Dems Introduce Bill Restricting Trump’s Use of Nuclear Weapons
Lawmakers introduced a bill in both houses of Congress Tuesday that would prevent the president from launching a nuclear first strike without a congressional declaration of war. A policy that was long debated — but never seriously pursued — during the Obama administration has now become anything other than abstract after the election of Donald Trump.
Sen. Edward Markey (D-Mass.) and Rep. Ted Lieu (D-Calif.) introduced legislation meant to pry the nuclear football out of the president’s hands.
“Nuclear war poses the gravest risk to human survival. Yet, President Trump has suggested that he would consider launching nuclear attacks against terrorists,” Markey said in a statement. “Unfortunately, by maintaining the option of using nuclear weapons first in a conflict, U.S. policy provides him with that power. In a crisis with another nuclear-armed country, this policy drastically increases the risk of unintended nuclear escalation.”
Lieu, who has a paper sign reading, “Alternative Fact Free Zone” outside his office, took aim at Trump’s ignorance. “It is a frightening reality that the U.S. now has a Commander-in-Chief who has demonstrated ignorance of the nuclear triad, stated his desire to be ‘unpredictable’ with nuclear weapons, and as President-elect was making sweeping statements about U.S. nuclear policy over Twitter. Congress must act to preserve global stability by restricting the circumstances under which the U.S. would be the first nation to use a nuclear weapon.”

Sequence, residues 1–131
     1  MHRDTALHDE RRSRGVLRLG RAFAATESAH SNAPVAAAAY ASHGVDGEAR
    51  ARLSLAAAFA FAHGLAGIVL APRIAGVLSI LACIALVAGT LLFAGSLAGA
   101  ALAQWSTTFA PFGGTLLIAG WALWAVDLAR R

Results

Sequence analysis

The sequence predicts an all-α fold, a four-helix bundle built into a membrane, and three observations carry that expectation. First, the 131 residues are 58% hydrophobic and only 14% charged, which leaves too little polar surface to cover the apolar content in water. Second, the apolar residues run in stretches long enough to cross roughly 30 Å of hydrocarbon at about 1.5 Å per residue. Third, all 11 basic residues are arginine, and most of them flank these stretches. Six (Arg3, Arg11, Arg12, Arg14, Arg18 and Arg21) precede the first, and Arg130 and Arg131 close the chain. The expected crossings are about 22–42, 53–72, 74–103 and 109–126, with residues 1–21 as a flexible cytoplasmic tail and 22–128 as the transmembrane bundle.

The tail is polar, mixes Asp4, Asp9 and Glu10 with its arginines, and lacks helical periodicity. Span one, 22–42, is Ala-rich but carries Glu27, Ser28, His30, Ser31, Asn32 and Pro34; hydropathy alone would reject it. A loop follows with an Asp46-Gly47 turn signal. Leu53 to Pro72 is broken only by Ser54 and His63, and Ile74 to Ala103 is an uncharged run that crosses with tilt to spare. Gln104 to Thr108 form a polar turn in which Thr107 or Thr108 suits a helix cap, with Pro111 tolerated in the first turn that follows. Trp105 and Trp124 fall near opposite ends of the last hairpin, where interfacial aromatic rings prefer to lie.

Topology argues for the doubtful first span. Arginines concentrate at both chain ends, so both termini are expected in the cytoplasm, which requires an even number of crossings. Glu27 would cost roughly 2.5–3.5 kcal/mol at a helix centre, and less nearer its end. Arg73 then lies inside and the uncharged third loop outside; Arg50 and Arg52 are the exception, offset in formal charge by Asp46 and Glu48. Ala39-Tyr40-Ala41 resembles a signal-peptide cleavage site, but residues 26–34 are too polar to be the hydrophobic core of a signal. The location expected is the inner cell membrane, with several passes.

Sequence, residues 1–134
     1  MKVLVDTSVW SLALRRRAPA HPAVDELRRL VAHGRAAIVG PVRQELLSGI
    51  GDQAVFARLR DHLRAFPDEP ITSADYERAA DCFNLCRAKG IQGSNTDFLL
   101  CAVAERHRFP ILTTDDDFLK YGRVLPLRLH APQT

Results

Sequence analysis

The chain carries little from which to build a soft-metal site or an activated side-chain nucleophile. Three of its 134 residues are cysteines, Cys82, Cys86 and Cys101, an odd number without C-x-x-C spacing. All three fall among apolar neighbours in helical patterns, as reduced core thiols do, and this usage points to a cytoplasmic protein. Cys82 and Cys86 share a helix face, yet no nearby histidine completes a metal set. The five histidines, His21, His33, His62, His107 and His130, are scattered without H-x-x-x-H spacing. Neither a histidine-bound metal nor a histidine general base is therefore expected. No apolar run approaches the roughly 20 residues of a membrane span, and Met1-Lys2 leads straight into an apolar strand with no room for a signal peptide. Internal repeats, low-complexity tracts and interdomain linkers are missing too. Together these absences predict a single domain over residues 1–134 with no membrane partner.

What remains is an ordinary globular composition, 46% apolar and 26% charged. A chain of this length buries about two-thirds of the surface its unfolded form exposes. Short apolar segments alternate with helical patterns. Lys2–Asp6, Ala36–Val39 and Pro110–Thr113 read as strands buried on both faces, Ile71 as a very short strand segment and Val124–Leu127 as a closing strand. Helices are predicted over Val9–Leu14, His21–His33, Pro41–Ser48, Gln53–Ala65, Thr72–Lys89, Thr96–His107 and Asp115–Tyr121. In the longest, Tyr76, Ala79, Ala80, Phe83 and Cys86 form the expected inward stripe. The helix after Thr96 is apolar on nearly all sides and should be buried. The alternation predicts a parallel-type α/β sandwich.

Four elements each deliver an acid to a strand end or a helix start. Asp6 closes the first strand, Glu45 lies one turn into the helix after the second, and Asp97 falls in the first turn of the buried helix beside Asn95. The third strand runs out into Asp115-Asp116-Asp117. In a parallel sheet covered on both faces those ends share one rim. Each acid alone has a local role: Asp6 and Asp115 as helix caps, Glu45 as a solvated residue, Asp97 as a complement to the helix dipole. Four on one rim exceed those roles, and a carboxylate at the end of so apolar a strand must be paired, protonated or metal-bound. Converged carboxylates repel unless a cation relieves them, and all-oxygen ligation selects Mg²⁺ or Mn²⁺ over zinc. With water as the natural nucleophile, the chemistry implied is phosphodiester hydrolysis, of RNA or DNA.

This isn’t the first mention of such legislation — the idea of it has been mentioned on and off for years, advocated by groups such as the Global Security Program at the Union of Concerned Scientists. At a January event at the Carnegie Endowment for International Peace, former U.S. Vice President Joe Biden said he is “confident we can deter and defend ourselves and our allies against non-nuclear threats through other means,” adding that he “strongly believes” that “deterring and if necessary retaliating against a nuclear attack should be the sole purpose for the U.S. nuclear arsenal.”